Throughout much of my career, I've worked to introduce children to the outdoors. On a weekly basis, I have seen how time spent outside builds confidence, boosts health and sparks enthusiasm for learning. It's wonderful to witness how much nature can give our kids... and it's just as rewarding to see how much kids can give back to the world around them.
In recent years, the outdoor center that I lead (IslandWood) has extended our services to many new audiences, including military veterans and their families. I have written in the past about the role nature can play in helping veterans and their families heal in the face of physical and mental health challenges associated with combat and long deployments. Recognizing the restorative power of the outdoors, organizations like the National Military Family Association, Tragedy Assistance Program for Survivors (TAPS) and the Wounded Warrior Project hold family programs in natural settings across the country.
There is hard evidence behind this strategy: A 2013 report prepared by the University of Michigan found that vets who participated in outdoor recreation activities reported significant improvements in psychological well-being, social functioning, and outlook on life.
Clearly, nature has plenty to offer veterans and their families. However, what I find particularly inspiring is how much vets and their families can offer nature and each other. This notion recently came to life in a short film in which veterans talk candidly about how the outdoors has helped them find a new mission in the outdoors.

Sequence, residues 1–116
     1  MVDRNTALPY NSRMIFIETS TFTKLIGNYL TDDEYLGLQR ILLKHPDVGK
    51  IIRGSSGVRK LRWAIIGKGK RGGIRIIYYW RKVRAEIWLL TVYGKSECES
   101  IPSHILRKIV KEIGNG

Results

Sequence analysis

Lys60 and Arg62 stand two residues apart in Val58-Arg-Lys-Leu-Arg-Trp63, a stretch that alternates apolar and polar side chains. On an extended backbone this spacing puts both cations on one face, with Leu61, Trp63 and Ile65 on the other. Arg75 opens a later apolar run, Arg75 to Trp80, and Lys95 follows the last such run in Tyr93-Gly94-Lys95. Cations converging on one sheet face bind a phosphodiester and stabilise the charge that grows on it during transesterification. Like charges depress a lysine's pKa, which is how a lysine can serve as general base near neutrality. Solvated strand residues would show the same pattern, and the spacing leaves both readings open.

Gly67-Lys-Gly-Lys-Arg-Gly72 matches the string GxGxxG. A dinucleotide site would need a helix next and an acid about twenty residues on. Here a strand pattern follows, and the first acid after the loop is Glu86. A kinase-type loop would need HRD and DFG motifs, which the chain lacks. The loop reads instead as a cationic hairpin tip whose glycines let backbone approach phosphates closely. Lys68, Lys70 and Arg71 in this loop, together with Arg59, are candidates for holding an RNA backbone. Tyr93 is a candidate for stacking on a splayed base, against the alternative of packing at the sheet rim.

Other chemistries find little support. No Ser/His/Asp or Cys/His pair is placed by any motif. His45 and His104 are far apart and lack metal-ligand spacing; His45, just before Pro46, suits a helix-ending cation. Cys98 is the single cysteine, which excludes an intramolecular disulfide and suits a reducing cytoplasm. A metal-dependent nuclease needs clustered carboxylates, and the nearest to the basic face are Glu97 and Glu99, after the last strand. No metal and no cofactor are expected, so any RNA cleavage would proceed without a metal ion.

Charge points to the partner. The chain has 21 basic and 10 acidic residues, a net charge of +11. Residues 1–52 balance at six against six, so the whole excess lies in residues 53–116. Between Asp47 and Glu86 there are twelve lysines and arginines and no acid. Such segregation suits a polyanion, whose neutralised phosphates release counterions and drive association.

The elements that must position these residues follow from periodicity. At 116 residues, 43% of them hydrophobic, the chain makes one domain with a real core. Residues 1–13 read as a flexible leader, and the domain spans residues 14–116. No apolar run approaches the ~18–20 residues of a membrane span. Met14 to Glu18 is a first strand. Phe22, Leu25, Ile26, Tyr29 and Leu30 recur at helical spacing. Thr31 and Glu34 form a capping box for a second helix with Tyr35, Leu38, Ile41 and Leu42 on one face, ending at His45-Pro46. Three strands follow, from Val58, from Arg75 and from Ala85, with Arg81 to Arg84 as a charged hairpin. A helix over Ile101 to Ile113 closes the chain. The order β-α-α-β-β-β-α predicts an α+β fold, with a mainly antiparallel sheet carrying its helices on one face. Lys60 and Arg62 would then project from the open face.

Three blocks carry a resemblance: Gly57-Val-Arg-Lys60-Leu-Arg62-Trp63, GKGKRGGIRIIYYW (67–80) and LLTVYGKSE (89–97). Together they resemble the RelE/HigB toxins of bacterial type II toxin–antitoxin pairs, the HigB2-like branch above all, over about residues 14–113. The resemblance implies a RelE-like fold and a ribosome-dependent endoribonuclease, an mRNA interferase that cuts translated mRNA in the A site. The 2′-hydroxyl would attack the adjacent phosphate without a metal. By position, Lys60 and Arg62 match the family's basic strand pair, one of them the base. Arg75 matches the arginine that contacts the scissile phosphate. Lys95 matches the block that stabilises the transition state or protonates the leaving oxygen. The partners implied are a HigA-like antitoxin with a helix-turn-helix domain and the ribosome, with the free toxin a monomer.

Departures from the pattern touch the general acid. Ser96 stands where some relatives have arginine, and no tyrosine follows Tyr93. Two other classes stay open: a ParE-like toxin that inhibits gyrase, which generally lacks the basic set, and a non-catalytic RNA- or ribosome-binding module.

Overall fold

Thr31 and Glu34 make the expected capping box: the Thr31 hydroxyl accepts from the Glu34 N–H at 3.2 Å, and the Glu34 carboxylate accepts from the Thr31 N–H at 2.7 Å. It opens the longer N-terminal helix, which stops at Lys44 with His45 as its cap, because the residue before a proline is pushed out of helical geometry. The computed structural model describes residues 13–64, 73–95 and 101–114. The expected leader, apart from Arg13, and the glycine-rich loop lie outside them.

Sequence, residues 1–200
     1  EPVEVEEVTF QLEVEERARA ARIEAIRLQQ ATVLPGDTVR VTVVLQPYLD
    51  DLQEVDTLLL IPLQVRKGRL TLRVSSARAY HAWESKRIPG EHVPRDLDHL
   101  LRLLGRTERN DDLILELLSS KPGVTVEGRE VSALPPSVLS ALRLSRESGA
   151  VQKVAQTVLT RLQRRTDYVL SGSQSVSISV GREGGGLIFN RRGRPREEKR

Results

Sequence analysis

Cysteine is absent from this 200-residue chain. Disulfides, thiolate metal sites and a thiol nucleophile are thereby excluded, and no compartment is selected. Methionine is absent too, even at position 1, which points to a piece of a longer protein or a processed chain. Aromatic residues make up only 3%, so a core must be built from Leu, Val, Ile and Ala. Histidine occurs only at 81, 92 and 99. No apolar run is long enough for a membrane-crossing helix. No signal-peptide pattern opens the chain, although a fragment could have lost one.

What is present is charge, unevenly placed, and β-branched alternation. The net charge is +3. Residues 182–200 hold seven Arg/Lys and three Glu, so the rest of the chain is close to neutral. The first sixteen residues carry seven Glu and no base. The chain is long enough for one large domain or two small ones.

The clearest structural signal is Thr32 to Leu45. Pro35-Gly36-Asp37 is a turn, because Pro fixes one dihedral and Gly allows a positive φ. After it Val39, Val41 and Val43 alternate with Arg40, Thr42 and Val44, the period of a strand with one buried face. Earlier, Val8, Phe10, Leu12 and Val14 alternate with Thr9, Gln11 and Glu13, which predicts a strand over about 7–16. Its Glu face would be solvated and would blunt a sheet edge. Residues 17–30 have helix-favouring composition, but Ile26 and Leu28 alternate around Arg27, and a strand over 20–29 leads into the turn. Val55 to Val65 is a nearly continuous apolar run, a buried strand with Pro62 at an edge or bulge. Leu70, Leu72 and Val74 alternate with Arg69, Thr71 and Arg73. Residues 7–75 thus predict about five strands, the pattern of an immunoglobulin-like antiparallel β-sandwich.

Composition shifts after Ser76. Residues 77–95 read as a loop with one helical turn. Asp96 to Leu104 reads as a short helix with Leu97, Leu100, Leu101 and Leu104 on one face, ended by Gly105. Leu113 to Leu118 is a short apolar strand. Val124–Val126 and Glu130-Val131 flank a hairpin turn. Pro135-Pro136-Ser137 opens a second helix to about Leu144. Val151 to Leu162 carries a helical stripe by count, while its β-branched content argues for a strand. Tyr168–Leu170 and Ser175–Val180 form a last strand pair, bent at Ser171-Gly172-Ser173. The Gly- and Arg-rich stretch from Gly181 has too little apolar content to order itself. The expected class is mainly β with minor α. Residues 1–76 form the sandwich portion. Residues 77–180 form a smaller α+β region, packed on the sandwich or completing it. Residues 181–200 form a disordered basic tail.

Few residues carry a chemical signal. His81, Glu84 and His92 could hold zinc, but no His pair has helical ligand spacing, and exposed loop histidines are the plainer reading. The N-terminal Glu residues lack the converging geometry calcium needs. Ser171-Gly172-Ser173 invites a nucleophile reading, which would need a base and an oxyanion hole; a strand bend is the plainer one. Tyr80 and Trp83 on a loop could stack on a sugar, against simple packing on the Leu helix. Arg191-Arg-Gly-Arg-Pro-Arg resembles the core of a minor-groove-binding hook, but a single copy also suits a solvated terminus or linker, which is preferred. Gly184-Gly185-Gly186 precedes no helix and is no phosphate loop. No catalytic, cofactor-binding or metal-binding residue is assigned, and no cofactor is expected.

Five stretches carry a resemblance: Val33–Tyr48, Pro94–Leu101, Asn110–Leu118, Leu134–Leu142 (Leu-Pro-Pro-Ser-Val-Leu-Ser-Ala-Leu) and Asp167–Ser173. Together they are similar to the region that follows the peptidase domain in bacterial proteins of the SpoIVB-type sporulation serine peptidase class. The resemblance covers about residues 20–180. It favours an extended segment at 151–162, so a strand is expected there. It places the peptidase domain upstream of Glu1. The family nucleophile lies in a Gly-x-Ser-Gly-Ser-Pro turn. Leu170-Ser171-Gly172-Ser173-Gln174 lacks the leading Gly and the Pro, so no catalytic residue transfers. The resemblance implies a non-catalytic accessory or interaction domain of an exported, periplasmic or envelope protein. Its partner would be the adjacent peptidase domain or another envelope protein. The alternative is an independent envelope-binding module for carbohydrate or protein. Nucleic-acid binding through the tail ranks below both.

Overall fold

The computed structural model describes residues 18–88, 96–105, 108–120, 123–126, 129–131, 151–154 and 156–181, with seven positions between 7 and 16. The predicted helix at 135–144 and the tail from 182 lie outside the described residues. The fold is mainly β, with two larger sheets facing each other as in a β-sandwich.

Consider the perspective of Garett Reppenhagen, a former Cavalry Scout in the U.S. Army:
Getting involved in conservation campaigns, you gain new skills, gain new leadership abilities, and you gain a new mission. There are tons of public lands that are in jeopardy every day. And what better voice is there than an American war veteran to stand up and say, we have to make sure these places are here so my children and my grandchildren have the experiences I've had?
Sarah Roberts, who spent five years in the U.S. Army, including 15 months as a company commander in Iraq adds:
Just because you take off your uniform doesn't mean you lose the identity of who you were. You can take all of those awesome things that you have learned in the military and tie them into something that is going to empower people to connect with the outdoors, make their communities better, show we're stewards of the environment... but also demonstrate that veterans are leaders. We're not victims.
That idea -- veterans helping other veterans make a difference in the outdoors -- is now leading to real action. In October 2015, military and civilian leaders from across the country came together to develop a set of recommendations that political leaders in Washington State could use to empower military veterans and their families through outdoor engagement. The report from this Action Summit addresses issues such as job training, recreation, and conservation; and it can be used as a template for other states who wish to use the outdoor economy to support returning vets.